BARRISTER'S BRIEFING: Getting More Than One Month’s Rent in Advance: Seasonal Rental Amendment to the Housing Stability and Tenant Protection Act
Brian Levine | October 12, 2021
Back in 2019, the New York legislature enacted a broad new law that provided sweeping housing reforms and protections for tenants relating to permanent residential housing. Among these rent regulations was one that caught many landlords and real estate agents by surprise and I am still asked, nearly two years later, to confirm or explain this rule. That rule, found under subsection 1 of Section 7-108 of the General Obligation Law was:
No deposit or advance shall exceed the amount of one month’s rent.
This provision meant that a landlord or his/her agent cannot require a tenant to provide more than one month’s rent as an advance in total on the rental of a residential property. It meant that if a landlord were to hold one month’s rent as security, they could not charge a last month’s rental fee, a pet fee, a move-in fee, or a myriad of other financial advances designed to protect the landlord. This simple sentence, in one fell swoop, changed how landlords operated. With the passing of this law, landlords were no longer financially protected and they could be left in a dire financial situation if they encountered a bad tenant. More importantly, some landlords, who operated seasonal rentals were left in a precarious situation.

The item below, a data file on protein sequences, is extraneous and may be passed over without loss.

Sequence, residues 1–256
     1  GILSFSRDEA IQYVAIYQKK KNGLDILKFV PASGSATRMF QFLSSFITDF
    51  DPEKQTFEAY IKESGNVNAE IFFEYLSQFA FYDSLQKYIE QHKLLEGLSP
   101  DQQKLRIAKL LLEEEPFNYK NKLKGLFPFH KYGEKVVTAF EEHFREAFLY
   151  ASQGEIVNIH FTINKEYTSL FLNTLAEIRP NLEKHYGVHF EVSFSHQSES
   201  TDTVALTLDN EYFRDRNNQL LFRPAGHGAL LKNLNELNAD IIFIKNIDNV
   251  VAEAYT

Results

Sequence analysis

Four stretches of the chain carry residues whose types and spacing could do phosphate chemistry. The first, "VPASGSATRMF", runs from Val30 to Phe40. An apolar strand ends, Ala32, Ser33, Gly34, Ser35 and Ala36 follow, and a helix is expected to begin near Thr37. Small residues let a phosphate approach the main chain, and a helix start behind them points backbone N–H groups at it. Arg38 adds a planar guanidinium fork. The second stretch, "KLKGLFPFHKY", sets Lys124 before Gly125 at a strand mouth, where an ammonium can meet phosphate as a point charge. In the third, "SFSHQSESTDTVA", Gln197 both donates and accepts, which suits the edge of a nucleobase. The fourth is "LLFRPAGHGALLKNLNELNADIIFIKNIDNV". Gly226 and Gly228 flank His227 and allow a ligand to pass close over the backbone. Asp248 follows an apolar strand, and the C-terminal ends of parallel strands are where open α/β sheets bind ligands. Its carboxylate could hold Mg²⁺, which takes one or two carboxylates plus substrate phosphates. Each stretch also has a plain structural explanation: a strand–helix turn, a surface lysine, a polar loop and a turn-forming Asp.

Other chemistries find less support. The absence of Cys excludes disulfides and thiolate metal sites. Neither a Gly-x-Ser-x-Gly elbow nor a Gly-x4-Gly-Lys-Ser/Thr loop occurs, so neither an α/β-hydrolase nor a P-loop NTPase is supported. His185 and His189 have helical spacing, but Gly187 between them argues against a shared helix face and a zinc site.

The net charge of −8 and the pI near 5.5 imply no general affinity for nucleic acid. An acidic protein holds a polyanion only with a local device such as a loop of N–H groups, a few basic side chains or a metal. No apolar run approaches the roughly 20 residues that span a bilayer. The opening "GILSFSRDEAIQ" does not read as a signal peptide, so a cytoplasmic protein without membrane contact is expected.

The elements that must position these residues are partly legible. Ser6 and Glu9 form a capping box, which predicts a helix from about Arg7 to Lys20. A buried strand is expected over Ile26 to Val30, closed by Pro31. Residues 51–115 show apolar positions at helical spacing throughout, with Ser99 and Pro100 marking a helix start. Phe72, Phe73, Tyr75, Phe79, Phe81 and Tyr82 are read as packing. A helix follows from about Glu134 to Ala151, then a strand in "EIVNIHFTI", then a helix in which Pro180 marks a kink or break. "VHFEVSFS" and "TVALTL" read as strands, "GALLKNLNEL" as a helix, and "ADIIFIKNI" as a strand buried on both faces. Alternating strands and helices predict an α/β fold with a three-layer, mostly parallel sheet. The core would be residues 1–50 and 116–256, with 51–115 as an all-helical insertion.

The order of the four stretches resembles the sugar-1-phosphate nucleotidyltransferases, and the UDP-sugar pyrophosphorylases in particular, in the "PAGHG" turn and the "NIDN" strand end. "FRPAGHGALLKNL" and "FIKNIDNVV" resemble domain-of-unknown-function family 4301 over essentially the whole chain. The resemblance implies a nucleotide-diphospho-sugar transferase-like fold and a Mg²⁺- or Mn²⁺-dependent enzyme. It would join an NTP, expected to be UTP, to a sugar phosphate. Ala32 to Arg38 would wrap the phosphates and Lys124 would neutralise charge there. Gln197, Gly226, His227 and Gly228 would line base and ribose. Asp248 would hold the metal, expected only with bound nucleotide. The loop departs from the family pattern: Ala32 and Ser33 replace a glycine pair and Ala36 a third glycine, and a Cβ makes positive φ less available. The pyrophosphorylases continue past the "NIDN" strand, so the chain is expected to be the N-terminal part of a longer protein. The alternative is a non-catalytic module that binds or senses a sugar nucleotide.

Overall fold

The model for seasonal rentals is simple: the renter pays for the entire time they are going to use the rental unit up front. A two-month rental requires two months’ rent up front, and usually a deposit/damage fee, which is refunded at the end of the rental term after the rental is cleaned and examined for damage. Similarly, full summer rentals required the entire rental amount (or sometimes one half) up front. However, with the advent of the 2019 rent regulations, a landlord in the Hamptons, for example, could not rent his summer property and require the full amount up front. The landlord would have to enter into a lease agreement with the renter and collect the money at the beginning of each month and they could not hold more than one month’s rent as security. Not only did this arrangement create problems financially, particularly if the landlord was renting a spacious luxury property, but it also created some potential legal problems as well.
In an effort to carve-out these seasonal rentals, a bill was proposed to the New York legislature and it passed both houses and was signed into law by Gov. Kathy Hochul on September 30, 2021. The amendment, known as the Seasonal Use Dwelling Unit (SUDU) amendment was made effective immediately. This amendment allows seasonal use rental landlords to charge more than one month’s rent as security or as an advance. If a landlord wishes to avail themselves of the SUDU amendment and charge more than one month’s rent in advance, they must comply with several requirements. They are:
The local government, county, or state agency must have established a registry of seasonal rental units;